Toby Young, who loves to argue with people pointlessly on television. Photo: Getty
Show Hide image

Laurie Penny on TV debates: Our news is dominated by people in expensive suits, shouting at each other

When "debating" on TV or radio, caring about the issue at hand is a handicap – because if you care, your opponent can make you angry, and if you get angry, you’ve lost.

The producer knocked her fists together in the dark backstage. “We want you to, you know . . .” She made the motion again, smiling sweetly, as my hired nemesis and I were strapped into radio microphones for a five-minute debate on the evening news. It was clear what she meant. She wanted us to scrap. She didn’t want us to talk sensibly and work out our differences. She wanted blood on the floor.
 
Do we really debate issues any more, or do we just shout at each other from opposing trenches? That day, the topic I and a young lawyer from Spiked magazine were debating was internet trolling. It struck me as ironic: the definition of trolling, after all, is saying something shocking simply to wound or to provoke somebody else to outrage. On that basis, the British commentariat has operated an economy of trolling for many years.
 
This is what producers believe makes good radio and television today: for five to seven minutes, you are placed opposite a person who has been determined to have a point of view opposed to yours and you are expected to slug it out. Anything goes, apart from swearing, libel or subtlety. This is, in essence, boxing for people who were bad at PE. Ding-ding, and they’re off.
 
There are many wonderful things about British journalism and this is in no way one of them. Our adversarial tradition, which the writer Graham Linehan has described as “an arena where there are no positions possible except for diametrically opposed ones, where nuance is not permitted”, is not for the faint of spirit. It turns the national conver - sation into a bearpit where talking heads tear chunks out of each other for fame and money; and not even for a lot of fame and money. In the gladiatorial arena of public discourse, what matters isn’t whether you’re right or wrong so much as how hard you can hammer the other guy. And it usually is a guy.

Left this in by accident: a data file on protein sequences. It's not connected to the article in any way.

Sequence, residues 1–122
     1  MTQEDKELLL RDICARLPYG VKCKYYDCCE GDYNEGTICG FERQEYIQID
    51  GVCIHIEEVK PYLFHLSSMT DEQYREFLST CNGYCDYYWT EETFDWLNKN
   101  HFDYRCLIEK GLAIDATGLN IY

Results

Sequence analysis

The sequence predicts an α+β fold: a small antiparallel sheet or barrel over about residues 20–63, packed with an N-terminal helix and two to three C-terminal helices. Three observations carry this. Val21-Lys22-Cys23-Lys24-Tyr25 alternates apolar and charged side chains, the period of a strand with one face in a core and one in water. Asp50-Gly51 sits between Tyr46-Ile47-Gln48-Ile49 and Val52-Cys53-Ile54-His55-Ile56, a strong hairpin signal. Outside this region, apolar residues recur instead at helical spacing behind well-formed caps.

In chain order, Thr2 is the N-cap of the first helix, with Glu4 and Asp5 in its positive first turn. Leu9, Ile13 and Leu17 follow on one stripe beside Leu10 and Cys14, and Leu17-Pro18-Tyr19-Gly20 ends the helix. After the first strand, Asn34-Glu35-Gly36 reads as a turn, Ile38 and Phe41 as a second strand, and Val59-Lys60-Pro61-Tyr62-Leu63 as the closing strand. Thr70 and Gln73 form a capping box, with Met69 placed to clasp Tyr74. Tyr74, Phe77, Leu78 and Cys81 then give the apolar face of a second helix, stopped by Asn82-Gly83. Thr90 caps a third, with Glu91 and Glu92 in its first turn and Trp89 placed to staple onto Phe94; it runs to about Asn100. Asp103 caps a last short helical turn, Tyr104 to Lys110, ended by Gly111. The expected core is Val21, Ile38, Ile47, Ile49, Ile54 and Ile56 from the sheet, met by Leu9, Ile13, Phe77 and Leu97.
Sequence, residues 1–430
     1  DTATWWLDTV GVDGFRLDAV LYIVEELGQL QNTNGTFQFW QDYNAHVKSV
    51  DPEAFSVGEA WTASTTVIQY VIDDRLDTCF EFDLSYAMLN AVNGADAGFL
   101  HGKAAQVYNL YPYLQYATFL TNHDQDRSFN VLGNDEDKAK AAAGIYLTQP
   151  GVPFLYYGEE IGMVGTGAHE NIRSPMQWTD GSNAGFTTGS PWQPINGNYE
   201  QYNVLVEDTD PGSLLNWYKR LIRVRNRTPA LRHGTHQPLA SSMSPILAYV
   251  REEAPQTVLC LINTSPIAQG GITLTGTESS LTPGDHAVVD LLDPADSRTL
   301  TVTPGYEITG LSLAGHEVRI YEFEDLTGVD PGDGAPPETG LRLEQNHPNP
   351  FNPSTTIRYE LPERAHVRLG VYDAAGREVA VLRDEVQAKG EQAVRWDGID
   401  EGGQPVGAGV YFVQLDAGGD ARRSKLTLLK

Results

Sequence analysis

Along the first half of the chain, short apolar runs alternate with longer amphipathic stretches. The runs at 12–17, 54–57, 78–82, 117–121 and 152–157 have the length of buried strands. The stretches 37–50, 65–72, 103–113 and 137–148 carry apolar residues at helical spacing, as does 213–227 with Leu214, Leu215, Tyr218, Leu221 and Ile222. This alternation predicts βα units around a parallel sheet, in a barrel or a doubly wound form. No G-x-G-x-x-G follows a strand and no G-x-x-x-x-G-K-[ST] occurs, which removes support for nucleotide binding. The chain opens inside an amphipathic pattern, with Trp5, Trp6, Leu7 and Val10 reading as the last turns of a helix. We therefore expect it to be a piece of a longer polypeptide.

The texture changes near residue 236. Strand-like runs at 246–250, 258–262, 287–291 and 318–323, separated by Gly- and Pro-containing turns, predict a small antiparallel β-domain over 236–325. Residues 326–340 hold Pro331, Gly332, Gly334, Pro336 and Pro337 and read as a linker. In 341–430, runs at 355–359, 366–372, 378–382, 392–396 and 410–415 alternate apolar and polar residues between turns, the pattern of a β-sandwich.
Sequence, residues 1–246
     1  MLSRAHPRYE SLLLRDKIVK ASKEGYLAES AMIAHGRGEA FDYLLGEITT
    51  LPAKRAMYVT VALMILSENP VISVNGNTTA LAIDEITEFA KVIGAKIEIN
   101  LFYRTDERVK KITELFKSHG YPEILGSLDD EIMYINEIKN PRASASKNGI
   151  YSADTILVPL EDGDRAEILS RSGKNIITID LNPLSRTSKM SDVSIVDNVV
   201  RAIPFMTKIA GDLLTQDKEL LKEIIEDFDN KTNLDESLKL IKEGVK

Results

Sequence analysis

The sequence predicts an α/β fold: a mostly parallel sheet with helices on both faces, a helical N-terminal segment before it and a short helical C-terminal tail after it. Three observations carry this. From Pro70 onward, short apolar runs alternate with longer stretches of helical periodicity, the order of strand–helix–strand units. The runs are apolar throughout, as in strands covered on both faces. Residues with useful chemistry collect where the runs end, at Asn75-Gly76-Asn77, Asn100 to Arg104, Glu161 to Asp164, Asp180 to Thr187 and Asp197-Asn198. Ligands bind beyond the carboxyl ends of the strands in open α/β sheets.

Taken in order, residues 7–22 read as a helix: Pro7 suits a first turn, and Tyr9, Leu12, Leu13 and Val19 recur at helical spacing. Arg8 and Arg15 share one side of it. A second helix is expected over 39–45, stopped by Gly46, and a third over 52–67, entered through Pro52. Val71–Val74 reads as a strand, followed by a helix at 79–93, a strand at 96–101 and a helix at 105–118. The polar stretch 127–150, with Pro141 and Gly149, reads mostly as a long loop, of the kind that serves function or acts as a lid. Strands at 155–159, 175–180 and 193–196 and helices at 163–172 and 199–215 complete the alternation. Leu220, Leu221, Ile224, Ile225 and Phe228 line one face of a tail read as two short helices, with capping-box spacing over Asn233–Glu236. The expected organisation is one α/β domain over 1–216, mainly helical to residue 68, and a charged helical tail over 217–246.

I’ve been appearing on television and radio for four years and I’m often lucky enough to be asked to speak on issues I care about deeply, from women’s rights to welfare reform, to whether it’s acceptable for a police officer to beat a man to death for picking the wrong route home across a protest line. It was a long time before I realised that caring about the issue at hand is a handicap – because if you care, your opponent can make you angry, and if you get angry, you’ve lost. It’s because I care about the issues that I still go on when I’m asked – but I’m increasingly suspicious of the format.